Upanishadic wisdom converged on a shared belief in a universal law that guided the abiding presence of religious and metaphysical forces in the lives of individuals and of the collective destiny of all things in the universe. The Upanishadic teachings help us to understand how yoga evolved.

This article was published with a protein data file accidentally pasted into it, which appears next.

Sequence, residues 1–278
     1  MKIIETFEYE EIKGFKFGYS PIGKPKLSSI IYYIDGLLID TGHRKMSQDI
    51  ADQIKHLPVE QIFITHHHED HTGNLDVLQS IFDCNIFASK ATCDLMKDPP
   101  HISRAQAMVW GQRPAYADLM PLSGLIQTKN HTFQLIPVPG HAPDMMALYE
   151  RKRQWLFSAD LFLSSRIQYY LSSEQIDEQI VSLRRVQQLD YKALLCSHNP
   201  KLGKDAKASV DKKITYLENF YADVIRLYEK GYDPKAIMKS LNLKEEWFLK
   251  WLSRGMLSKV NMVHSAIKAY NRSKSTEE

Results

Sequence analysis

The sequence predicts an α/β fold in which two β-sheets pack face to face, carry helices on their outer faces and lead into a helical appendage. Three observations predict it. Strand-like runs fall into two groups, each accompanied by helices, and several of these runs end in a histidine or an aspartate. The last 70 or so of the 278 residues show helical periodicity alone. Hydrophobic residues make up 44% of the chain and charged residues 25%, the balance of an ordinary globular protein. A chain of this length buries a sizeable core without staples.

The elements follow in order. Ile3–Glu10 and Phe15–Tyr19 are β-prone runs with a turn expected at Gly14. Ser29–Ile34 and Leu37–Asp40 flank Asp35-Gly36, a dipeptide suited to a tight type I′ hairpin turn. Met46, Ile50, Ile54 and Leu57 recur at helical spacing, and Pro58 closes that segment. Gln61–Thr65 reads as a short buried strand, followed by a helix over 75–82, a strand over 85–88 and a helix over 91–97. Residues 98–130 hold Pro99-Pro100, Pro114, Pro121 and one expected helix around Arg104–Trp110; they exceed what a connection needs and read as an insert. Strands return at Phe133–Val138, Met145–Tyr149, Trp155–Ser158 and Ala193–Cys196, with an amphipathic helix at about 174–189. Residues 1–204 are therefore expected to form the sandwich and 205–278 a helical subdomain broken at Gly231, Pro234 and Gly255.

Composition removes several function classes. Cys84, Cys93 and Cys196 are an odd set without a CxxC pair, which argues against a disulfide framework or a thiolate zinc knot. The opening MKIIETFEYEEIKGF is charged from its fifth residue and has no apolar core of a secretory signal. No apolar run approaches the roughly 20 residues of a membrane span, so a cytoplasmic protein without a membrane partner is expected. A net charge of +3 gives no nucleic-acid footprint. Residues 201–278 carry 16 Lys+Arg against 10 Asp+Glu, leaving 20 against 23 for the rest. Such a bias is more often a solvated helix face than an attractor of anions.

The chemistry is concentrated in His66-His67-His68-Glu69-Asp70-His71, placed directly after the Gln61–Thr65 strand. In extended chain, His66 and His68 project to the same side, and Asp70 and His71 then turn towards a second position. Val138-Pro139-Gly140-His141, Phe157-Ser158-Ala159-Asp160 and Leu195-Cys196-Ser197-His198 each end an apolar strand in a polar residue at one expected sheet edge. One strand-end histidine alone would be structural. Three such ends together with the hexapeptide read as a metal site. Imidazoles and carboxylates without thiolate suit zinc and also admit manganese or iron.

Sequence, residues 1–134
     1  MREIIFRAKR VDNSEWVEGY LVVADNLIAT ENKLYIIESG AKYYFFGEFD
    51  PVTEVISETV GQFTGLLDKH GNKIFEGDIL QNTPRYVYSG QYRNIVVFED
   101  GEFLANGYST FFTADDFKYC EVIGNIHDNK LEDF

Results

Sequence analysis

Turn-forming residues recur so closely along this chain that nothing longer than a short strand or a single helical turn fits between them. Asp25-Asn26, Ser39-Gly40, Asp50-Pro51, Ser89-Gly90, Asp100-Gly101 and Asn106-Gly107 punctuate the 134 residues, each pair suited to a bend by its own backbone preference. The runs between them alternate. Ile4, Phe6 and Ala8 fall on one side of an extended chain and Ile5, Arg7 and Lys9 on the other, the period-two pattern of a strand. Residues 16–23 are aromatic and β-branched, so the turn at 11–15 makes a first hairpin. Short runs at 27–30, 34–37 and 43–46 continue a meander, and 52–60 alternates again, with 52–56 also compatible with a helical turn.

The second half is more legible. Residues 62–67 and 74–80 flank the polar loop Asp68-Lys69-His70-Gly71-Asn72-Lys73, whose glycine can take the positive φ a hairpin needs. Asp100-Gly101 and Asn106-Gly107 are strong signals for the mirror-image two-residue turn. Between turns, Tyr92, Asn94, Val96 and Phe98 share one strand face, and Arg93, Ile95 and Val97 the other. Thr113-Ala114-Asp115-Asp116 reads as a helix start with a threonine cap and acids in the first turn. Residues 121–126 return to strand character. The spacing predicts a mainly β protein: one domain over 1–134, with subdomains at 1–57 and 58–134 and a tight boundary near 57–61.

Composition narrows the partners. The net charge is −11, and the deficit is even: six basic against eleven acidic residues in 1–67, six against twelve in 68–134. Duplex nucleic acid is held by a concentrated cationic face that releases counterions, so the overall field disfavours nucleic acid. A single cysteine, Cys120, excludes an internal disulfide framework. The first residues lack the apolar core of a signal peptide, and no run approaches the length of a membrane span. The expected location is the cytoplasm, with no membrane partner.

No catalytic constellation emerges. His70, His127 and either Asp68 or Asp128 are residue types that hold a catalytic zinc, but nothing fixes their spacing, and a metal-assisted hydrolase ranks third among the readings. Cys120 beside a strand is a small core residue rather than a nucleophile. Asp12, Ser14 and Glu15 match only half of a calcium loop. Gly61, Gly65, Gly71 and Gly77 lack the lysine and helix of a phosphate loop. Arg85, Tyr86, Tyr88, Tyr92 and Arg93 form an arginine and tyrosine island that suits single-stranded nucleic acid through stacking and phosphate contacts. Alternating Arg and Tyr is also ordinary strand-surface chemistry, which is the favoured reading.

Patanjali is historically understood to have been a divine messenger, born some time between 500 BC and 200 BC. The dates are uncertain to this day as the lives of the great sages and mystics were not measured according to modern calendars, but rather, were imbued by the living oral traditions that defined Upanishadic wisdom and knowledge. Some traditions held that Pantanjali was not born of mother and father but was rather the incarnation of the god Adiesea. Adisesa is a great king cobra whose body is the seal of the god Vishnu. The legend continues that the god Shiva, the king of dance, invited Vishnu and other deities to see his famous dance, Tandava Nritya. As Shiva danced, Vishnu immersed his own consciousness in the moment. His physical being undulated in rhythm with the graceful movements of Shiva. During the performance of the dance, Vishnu was seated on Adisesa, the great cobra. The cobra became short of breath under Vishnu’s weight, which seemed to increase with his enrapturement in the dance. The great cobra began to gasp for air. At the end of the dance, Adesisa immediately felt release from the heavy pressure of Vishnu’s body. Adesisa asked Vishnu, “How could it be